ACL Review: Car Seat Headrest
College rockers eschew Tom Petty for Neil Young
By Michael Toland,
10:00AM, Sun. Oct. 8, 2017
Will Toledo has come a long way from recording in the backseat of his car. The Seattle-based songwriter and his band Car Seat Headrest ascended the indie rock ladder to major festival appearances by, like their peers, drawing on the Eighties. A raucous Saturday afternoon set proved exhibit A.
While his contemporaries find inspiration in twinkling synths and British arena pop, Toledo draws from a different side of the Reagan/Thatcher era: American college rock. The band’s six-string racket – melodic without being sweet, noisy without being abrasive, straightforward without being boring – would’ve nestled perfectly on Twin/Tone or DB Records if it had arrived in 1986.
Like those labels’ luminaries – the Replacements, Soul Asylum, Austin’s Zeitgeist – CSH doesn’t fool around live, preferring to let quality of song and strength of performance carry the day. Toledo isn’t a particularly exciting frontman. He tends to stand stock still while singing, and didn’t move much when strumming his Telecaster, either.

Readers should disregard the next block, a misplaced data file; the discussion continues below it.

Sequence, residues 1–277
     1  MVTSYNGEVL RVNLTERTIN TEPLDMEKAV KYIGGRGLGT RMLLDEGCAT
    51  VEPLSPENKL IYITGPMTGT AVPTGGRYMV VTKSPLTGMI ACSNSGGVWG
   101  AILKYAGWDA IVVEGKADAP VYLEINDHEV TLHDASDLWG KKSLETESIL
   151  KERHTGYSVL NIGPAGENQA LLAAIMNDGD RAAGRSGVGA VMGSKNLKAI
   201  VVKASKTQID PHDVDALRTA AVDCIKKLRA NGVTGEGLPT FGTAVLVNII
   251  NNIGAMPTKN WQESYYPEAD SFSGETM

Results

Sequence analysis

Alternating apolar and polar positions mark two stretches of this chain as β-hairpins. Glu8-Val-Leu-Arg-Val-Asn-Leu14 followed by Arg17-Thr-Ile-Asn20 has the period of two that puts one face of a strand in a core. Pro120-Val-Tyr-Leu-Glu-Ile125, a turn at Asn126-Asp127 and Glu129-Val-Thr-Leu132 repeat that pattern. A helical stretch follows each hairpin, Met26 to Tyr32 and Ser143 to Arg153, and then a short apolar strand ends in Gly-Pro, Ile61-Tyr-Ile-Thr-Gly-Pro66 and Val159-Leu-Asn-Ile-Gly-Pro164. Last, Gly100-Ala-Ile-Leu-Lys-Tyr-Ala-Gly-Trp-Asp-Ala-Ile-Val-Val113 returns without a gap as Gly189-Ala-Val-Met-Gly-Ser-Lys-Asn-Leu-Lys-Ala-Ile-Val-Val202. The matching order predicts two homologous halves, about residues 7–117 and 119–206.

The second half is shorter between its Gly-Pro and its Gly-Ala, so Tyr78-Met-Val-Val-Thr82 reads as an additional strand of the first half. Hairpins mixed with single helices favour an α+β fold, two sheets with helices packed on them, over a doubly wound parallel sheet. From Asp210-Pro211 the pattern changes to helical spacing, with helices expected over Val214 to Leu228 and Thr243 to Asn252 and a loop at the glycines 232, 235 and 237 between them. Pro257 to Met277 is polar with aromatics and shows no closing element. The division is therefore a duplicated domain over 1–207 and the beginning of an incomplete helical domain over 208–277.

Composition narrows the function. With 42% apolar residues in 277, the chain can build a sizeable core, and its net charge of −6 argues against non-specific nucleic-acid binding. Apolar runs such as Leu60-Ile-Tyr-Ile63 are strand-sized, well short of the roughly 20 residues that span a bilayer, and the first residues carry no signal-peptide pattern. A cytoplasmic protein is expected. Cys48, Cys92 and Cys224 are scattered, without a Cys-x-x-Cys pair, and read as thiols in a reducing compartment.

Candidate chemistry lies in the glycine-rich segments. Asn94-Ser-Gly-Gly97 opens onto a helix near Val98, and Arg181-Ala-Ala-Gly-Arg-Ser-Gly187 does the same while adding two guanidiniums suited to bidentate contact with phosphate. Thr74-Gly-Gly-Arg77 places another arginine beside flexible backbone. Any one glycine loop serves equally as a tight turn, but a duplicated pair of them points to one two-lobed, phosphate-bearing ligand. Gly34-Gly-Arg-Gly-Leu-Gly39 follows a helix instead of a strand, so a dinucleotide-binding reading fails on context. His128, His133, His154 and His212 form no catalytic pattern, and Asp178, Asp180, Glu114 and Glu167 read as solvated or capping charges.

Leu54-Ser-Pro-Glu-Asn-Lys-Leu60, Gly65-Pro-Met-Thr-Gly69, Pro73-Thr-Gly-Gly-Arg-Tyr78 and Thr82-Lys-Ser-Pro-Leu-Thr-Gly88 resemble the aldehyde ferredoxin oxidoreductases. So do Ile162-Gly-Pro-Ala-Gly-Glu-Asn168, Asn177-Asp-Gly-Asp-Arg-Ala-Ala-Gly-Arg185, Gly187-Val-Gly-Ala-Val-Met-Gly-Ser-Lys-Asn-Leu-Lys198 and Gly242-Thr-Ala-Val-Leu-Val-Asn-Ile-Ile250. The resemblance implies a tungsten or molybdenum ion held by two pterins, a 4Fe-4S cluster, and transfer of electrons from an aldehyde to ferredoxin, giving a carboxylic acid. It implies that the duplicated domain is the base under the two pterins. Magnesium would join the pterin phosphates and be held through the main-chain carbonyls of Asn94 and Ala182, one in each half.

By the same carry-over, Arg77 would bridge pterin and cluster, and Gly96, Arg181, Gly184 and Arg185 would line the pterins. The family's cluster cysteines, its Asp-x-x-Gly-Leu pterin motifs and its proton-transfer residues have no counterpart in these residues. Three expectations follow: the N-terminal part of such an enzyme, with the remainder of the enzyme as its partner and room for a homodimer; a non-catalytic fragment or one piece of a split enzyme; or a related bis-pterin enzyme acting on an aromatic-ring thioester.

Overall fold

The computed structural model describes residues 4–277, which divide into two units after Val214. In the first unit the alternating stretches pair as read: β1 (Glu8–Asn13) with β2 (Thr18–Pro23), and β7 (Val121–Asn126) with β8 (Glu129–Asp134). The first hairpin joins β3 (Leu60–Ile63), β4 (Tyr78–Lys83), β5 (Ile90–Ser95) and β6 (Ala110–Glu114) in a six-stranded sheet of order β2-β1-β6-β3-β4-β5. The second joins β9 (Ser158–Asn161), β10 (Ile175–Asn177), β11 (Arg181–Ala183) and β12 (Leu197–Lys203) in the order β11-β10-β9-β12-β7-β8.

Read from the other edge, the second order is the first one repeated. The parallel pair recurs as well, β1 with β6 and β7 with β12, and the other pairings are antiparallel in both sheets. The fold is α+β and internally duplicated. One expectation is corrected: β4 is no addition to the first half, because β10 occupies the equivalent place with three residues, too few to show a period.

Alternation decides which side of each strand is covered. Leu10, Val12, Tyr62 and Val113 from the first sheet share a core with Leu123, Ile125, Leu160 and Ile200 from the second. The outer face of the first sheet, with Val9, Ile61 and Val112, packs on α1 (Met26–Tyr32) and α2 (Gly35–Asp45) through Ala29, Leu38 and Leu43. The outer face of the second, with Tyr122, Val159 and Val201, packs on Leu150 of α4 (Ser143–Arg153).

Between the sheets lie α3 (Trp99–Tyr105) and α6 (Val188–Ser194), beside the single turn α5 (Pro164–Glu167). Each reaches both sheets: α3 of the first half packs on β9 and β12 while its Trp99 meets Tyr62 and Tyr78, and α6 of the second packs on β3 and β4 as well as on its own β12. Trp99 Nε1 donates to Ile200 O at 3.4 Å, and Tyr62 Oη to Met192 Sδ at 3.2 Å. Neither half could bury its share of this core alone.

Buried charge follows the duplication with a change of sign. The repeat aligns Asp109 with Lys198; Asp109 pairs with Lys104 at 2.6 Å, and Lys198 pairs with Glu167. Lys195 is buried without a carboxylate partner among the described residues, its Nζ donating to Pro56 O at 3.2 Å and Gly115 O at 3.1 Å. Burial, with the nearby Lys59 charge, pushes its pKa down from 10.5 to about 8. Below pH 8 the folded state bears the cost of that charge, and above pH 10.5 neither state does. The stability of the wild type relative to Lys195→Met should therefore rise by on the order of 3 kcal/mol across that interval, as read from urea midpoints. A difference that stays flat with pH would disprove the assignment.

Yet rather than deficits, the singer-songwriter turns his nearly somnambulant stage presence and droning voice into virtues. By letting guitarist Ethan Ives and drummer Seth Dalby do most of the talking, he became an anchor, and his marble-mouthed monotone revealed an instrument of surprising feeling.
All the better to present CSH’s no-frills rock, from the super-catchy power-pop of “Fill in the Blanks” to the blazing skronk of “1937 State Park,” an audience request. Unlike many of this year’s ACL Fest performers, the band eschewed a Tom Petty cover, opting instead for Neil Young’s stomping “Powderfinger,” sung by Ives.
A seemingly odd choice, but it served as a perfect prelude to “Destroyed by Hippie Powers,” which reveled in Crazy Horse crunch. The group brought the show to a close with the pedal-abusing frenzy of “Beast Monster Thing (Love Isn’t Love Enough),” but even that noise fest couldn’t obscure the fact that, for Car Seat Headrest, the song is king.